A group of 40 women rights activists has opposed the Muslim Women (Protection of Rights on Marriage) Bill, 2018, in its present form, raising concerns over 10 points in the Bill which was passed by the Lok Sabha on Thursday.
In a statement, they urged the government to withdraw the Bill from consideration in the Rajya Sabha, and review the fundamental flaws pending broad-based community consultations.
Following are the 10 concerns raised by the activists.
1. This Bill disregards the fact that its very objective -- to protect the rights of married Muslim women and prohibit divorce by pronouncing 'talaq' by their husband -- has already been achieved by the judgment of the Supreme Court.
2. The Supreme Court in Shayara Bano's case held that the practice of 'talaq-e-biddat' is manifestly arbitrary, and therefore, unconstitutional. An act that has no legal consequences being made a criminal offence, cognisable and non-bailable is manifestly arbitrary and therefore, violative of Article 14.
3. There is no rationale to criminalise the practice of talaq-e-biddat and imprison Muslim men. The effect of the Supreme Court's judgment is that the marriage is legally valid and the persons continue to be lawfully wedded.
Now, the Muslim men will be incarcerated, thus violating the rights of conjugality of these two persons.
Criminalising the husband would also lead to unwanted separation between the couple, against the wishes of the wife.
4. Since Muslim marriage is a civil contract between two adult persons, the procedures to be followed on its breakdown should also be of civil nature.
Penal action to discourage the practice of instant triple talaq is a myopic view as it leaves many other issues of economic and social security of women unaddressed.
5. The government should strengthen the negotiating capacities of women by providing them economic and socio-legal support rather than criminalising the pronouncement of triple talaq.
6. The pronouncement of triple talaq having no legal consequences on the marriage means that such a proclamation by a Muslim man is essentially a desertion of the wife.
In any of the Personal Laws, the desertion of wife by a man is not a criminal offence. Therefore, while the Bill aims to criminalise the pronouncement of talaq, in effect, it is only criminalising the act of desertion of a Muslim wife by her husband.
Criminalising desertion by Muslim men, which constitutes only a civil offence for men of all other religions, is discriminatory under the Constitution.
7. If there is violence within the marriage in addition to the pronouncement of triple talaq, the woman could use the existing provisions of the Protection of Women from Domestic Violence Act, 2005 and Section 498A of the Indian Penal Code.
These two laws, taken together, represent a wide spectrum of legal options available for women survivors of domestic violence, encompassing both criminal and civil provisions.
8. No economic and socio-legal support is provided by the government in the Bill to women, children and other dependents, when the erring men are put behind bars.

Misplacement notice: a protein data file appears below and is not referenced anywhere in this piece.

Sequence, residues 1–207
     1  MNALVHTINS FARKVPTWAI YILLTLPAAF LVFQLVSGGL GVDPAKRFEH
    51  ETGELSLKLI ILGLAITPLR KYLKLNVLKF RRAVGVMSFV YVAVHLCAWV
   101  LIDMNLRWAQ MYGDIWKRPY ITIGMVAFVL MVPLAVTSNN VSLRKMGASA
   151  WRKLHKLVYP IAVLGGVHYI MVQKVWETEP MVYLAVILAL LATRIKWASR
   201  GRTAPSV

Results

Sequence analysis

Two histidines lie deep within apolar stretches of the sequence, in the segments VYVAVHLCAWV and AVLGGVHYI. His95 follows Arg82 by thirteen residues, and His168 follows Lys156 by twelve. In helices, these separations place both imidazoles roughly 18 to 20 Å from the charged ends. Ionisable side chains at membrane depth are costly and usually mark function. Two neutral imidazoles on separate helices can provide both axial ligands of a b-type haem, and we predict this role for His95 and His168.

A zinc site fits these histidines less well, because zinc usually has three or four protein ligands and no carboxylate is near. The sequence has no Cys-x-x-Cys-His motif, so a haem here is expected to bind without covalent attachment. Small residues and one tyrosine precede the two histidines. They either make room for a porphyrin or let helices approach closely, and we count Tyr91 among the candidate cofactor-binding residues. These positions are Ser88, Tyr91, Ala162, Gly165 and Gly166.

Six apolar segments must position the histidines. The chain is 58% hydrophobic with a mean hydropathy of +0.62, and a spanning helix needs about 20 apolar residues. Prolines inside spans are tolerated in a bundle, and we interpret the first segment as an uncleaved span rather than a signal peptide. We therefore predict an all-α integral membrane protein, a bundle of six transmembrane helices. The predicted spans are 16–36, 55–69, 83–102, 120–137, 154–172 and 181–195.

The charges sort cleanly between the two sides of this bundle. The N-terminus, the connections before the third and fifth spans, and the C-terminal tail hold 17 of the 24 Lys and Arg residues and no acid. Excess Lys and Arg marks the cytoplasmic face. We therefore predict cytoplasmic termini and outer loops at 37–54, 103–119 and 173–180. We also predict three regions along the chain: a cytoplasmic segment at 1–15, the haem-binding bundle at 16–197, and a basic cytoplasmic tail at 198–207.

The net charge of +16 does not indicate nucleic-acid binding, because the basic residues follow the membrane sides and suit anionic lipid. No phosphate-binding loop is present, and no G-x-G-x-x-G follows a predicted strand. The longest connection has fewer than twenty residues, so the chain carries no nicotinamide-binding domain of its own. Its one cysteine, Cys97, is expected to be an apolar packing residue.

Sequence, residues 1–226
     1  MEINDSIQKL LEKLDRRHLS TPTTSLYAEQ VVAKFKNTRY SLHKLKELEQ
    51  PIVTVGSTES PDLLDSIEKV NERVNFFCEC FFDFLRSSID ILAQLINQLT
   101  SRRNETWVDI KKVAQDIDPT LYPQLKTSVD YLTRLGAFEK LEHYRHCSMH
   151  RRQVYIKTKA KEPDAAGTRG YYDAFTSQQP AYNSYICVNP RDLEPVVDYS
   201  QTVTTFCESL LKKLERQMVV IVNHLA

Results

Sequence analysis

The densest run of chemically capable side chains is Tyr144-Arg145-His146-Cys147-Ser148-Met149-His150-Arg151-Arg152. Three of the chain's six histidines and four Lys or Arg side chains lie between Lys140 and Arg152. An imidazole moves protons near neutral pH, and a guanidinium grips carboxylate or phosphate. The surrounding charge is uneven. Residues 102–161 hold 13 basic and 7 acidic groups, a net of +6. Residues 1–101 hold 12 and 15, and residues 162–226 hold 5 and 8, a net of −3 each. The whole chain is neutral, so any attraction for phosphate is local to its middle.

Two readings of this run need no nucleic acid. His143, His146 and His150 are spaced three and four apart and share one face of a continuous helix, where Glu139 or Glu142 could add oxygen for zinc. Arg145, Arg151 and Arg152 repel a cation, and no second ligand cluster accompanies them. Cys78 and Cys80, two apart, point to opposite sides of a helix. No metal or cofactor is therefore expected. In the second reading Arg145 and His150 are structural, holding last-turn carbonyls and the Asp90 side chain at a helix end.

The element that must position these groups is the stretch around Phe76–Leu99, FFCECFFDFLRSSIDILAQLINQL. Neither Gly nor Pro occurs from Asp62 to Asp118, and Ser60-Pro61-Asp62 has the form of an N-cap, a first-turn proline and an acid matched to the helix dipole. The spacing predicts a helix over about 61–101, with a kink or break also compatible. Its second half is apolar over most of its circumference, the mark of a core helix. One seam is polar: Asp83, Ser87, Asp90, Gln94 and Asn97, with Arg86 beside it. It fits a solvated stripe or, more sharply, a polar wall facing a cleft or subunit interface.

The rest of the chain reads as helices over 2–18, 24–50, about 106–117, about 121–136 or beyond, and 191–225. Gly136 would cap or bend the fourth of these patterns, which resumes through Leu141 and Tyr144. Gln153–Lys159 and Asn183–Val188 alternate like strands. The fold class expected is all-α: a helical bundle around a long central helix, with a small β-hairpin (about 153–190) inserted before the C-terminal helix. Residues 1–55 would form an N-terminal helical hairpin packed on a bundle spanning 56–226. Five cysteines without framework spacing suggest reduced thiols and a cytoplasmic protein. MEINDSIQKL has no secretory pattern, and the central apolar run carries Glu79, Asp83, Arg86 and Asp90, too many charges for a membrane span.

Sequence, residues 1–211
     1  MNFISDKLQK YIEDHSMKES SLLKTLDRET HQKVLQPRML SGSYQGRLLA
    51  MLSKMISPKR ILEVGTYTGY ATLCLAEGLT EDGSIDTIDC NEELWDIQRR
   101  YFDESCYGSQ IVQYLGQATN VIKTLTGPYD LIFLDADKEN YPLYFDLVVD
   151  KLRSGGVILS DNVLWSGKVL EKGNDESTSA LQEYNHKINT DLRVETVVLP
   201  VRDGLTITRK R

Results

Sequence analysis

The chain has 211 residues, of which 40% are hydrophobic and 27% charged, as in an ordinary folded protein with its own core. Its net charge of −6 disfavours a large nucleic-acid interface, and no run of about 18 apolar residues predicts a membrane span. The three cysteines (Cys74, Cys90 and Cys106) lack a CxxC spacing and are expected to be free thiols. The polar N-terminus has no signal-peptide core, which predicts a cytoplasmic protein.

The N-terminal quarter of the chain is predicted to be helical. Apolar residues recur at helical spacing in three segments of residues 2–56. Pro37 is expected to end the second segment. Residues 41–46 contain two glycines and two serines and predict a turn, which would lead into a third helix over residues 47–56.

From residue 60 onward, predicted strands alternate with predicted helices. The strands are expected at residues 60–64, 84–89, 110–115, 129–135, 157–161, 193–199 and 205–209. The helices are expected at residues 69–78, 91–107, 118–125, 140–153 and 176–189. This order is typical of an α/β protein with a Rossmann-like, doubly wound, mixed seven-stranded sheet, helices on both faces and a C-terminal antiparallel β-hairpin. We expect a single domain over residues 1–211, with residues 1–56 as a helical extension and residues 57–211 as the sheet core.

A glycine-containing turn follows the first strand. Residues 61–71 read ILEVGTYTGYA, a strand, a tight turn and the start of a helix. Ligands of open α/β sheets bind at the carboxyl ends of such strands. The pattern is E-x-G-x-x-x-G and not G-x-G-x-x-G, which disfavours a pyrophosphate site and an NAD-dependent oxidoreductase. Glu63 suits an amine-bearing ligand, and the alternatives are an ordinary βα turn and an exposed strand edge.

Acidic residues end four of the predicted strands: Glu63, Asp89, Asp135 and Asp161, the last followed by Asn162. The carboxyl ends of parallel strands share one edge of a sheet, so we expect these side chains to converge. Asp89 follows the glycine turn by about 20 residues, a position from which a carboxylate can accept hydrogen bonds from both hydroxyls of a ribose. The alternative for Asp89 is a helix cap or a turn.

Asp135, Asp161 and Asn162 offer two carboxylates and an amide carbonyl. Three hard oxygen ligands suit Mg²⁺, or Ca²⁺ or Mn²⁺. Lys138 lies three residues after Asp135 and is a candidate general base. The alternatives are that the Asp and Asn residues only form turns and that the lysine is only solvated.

The Domestic Violence Act, 2005 under Section 21 already provides for the aggrieved woman to be provided custody of the child and Section 20 provides for maintenance to be paid to her.
Section 125 of the Code of Criminal Procedure, 1973 also provides for maintenance for the aggrieved woman.
In fact, the Bill takes a step back in only providing for subsistence allowance for the woman. Subsistence allowance is not defined and is open to interpretation.
9. The Bill allows for the aggrieved woman as well as anyone related to her by blood or marriage to be the complainant.
There is no provision for a relative to seek the consent of an aggrieved woman before filing a complaint.
The problem becomes particularly acute in the case of inter-religious marriages of Muslim men with a woman of another religion.
10. The terms of imprisonment up to three years is arbitrary and excessive. Serious crimes like Causing death by rash or negligent act (IPC Sec 304A), Rioting (IPC Sec 147), Injuring or defiling place of worship with intent to insult the religion of any class (IPC Sec 295) -- all punishable by two years in jail or fine or both.
All these criminal acts have lesser punishment than pronouncing triple talaq, which is arbitrary and excessive, and violative of Article 14 of the Constitution.
The statement was signed by 40 activists and women's groups, including Ayesha Kidwai of Jawaharlal Nehru University, Kavita Krishnan of All India Progressive Women's Association (AIPWA), Shabanam Hashmi, Anhad and groups like Bebaak Collective, National Alliance of People's Movements (NAPM), Humsafar Support Centre, Kashmir women's collective, Mahila Sarvangeen Utkarsh Mandal (MASUM), People's Union for Civil Liberties (PUCL), Women's Research & Action Group among others.
The Lok Sabha on Thursday passed the Bill which criminalises the practice of instant triple talaq, with the government rejecting the contention that it was aimed at targeting a particular community.
The Muslim Women (Protection of Rights on Marriage) Bill, 2018 was passed by the Lower House with 245 voting in favour and 11 opposing the legislation.